No matter if the Eskimo-Snow-Words case is true or not isn’t too important at this point. More significant for us is the fact, that if something new is introduced into an ethnic group, which they didn’t have before, it is more likely that they will adopt a new name for it. The modern German words “Fenster” and “Mauer” come from Latin “fenestra” and “mura”, meaning window and (stone-)wall respectively. They were introduced in the Proto-Germanic language at a point, where the Germanic tribes neither had windows, nor stone-walls, hence why they were introduced into at least some of the Germanic dialects. This never happened in English, where they just changed the meaning of the word “wind-hole” to its modern definition, as a transparent piece of glass, usually located in some sort of wall to look outside or inside, “window”.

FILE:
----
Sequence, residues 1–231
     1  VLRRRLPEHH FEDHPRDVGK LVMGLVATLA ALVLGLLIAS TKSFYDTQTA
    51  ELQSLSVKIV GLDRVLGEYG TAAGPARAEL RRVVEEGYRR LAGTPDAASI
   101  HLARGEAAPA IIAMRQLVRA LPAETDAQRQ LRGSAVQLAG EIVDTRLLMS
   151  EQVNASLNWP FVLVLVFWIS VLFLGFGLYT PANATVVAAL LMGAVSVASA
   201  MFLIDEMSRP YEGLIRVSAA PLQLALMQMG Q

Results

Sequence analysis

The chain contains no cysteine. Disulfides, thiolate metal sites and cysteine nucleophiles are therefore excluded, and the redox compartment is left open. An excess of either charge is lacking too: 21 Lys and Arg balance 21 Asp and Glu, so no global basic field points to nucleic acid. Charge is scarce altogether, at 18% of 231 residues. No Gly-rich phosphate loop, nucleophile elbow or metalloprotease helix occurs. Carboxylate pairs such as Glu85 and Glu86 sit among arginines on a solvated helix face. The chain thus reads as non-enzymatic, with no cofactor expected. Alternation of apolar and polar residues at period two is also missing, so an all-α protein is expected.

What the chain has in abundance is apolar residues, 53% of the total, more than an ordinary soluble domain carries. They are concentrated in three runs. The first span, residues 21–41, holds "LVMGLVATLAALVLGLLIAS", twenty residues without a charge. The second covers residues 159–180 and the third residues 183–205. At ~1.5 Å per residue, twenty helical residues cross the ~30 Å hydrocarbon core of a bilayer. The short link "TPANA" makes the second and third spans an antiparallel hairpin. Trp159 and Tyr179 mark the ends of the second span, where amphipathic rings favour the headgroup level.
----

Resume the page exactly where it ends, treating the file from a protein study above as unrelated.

So two things can happen to new things in a linguistic group: They either get a whole new word, borrowed from a different language, or the meaning of an old word changes/becomes synonymous to the new thing. In our case, we will focus on the first example.
By comparing the reconstructed Proto-Indo-European language to other languages spoken at the time, such as Proto-Uralic, the precursor to many northern Eurasian languages, such as Finnish and Estonian, many languages in northern Russia and Siberia as well as Hungarian, we can make predictions about which words were introduced into Proto-Indo-European at what time and which words are inherent to the language. If they’re inherent, the chances are quite high that the things they describe weren’t introduced by other cultures, thus giving us an idea of what life was like for these people.
Proto-Indo-European Daily Life